MILAN, April 30 (Reuters) - The COVID-19 pandemic has significantly increased financial stability risks in Italy, the central bank warned on Thursday, derailing a clean-up process in the banking industry which had cut problem loans to 6.7% of total lending last year.
Italian banks are now reviewing bad loan disposal plans for 2020 to take into account the impact of the pandemic, which will drive higher defaults and affect lenders’ ability to offload them on the market.
Lockdown measures to curb contagion are delaying recoveries on such loans, possibly curbing future demand from investors.
Sales totalled 31 billion euros ($34 billion) last year, the Bank of Italy said, helping to drive the stock of soured loans down to 147 billion euros from a 2015 peak of 360 billion euros.
Out of that total, some 65 billion euros are ‘unlikely-to-pay’ (UTP) loans which are not yet in default and for this reason provisions only cover 41% of their value, compared with 64% on the worst-performing loans.
As the economy slides into a deep recession tipping vulnerable companies over the edge, banks are likely to face losses on their UTP loans.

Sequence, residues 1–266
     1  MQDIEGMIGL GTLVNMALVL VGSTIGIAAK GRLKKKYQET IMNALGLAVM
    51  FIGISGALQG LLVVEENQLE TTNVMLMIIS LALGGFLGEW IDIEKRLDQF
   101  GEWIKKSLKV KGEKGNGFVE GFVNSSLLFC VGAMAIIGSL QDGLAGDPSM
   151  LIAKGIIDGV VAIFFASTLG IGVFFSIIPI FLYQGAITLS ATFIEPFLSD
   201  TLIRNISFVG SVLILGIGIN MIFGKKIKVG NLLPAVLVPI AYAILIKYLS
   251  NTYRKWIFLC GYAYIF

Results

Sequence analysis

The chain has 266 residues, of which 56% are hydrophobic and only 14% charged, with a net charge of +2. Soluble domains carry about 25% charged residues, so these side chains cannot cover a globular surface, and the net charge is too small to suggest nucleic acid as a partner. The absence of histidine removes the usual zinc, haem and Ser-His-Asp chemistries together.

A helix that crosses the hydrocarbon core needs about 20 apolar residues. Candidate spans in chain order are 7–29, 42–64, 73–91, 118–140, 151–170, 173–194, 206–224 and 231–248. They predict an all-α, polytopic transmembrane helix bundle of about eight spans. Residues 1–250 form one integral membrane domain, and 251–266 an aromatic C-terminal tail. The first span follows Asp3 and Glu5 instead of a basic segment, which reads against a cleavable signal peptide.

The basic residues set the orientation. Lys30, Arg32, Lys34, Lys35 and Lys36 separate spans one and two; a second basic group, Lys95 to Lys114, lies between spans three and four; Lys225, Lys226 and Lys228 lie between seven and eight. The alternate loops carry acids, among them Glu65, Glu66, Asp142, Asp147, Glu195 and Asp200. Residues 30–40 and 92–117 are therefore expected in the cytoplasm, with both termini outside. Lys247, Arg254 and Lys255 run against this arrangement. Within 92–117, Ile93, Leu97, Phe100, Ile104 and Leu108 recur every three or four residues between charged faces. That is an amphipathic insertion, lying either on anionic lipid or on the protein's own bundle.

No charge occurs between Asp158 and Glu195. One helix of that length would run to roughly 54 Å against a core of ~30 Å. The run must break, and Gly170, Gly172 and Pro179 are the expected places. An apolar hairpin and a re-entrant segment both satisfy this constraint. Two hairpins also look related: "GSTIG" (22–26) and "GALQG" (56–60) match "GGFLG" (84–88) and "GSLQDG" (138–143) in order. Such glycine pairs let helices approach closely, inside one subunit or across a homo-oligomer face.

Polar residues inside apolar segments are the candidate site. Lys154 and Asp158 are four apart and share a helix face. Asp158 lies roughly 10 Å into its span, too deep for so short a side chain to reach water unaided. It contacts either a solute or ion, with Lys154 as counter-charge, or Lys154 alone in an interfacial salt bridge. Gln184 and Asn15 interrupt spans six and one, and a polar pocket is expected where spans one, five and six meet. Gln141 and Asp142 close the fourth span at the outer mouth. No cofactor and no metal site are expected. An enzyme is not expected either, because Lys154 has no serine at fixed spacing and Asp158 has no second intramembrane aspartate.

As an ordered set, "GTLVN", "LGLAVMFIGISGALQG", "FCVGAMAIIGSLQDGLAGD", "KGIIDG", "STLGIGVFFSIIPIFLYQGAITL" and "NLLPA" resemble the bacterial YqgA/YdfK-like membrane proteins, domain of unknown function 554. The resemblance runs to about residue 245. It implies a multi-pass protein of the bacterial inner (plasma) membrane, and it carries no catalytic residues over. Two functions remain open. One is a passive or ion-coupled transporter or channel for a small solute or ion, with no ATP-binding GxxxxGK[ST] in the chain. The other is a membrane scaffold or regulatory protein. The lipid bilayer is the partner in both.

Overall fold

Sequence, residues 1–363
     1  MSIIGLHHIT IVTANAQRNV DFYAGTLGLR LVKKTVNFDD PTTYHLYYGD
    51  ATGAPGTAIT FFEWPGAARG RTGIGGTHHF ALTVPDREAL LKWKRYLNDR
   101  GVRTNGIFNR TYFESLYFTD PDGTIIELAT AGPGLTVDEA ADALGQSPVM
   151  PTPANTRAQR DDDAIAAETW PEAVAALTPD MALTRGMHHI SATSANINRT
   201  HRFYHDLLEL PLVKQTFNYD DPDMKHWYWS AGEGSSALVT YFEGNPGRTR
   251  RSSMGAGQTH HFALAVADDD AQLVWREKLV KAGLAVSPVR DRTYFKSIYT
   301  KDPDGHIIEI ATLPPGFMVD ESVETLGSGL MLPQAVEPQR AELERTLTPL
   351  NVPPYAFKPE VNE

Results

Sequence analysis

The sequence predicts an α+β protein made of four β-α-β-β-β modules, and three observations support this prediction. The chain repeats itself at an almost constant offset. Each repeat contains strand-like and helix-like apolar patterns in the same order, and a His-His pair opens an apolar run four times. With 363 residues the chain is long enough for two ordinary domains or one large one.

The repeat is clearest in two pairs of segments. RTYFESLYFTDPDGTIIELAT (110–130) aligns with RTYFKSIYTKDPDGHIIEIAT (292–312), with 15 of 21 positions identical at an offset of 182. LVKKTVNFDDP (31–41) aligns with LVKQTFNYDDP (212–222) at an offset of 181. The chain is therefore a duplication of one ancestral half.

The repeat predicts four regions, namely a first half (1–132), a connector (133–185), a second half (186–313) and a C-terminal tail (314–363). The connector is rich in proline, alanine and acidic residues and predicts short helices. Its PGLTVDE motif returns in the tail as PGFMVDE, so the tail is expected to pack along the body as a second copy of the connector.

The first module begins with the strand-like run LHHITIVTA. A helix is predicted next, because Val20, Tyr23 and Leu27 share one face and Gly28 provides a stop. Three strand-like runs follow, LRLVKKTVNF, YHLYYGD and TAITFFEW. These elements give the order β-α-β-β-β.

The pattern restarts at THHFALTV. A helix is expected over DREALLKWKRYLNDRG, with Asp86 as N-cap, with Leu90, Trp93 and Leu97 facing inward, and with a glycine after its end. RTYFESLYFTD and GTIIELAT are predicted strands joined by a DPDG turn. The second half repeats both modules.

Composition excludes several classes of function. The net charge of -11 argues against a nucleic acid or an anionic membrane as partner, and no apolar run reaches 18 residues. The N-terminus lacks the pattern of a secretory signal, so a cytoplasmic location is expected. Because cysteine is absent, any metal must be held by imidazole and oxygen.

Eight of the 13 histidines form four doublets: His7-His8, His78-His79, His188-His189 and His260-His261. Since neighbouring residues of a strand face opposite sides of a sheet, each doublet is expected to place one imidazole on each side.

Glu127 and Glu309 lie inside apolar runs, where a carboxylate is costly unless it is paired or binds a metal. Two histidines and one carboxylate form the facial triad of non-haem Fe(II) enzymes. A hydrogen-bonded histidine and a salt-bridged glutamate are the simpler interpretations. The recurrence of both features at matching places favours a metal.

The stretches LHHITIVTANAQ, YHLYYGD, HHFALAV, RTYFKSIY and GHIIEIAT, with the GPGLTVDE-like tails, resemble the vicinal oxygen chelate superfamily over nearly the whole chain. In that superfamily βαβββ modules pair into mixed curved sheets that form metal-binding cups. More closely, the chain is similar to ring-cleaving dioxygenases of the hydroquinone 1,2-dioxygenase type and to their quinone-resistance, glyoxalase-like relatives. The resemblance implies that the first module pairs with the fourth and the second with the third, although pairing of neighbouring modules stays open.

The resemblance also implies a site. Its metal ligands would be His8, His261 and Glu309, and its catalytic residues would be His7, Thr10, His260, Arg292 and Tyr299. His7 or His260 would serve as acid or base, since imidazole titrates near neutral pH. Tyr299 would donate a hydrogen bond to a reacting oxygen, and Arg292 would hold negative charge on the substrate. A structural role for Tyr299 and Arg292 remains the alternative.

They would need to book 15 billion euros in additional writedowns to bring the coverage of UTP loans in line with that on defaulted loans. That amount would be above yearly profits for the sector which totalled on average 12 billion euros in the past three years, the Bank of Italy said.
Higher loan losses will compound the challenge for banks’ profits posed by low interest rates and shrinking fees from the sale of financial products given market disruption, the central bank said in the twice-yearly report.
$1 = 0.9136 euros Reporting by Valentina Za and Stefano Bernabei, editing by Giulia Segreti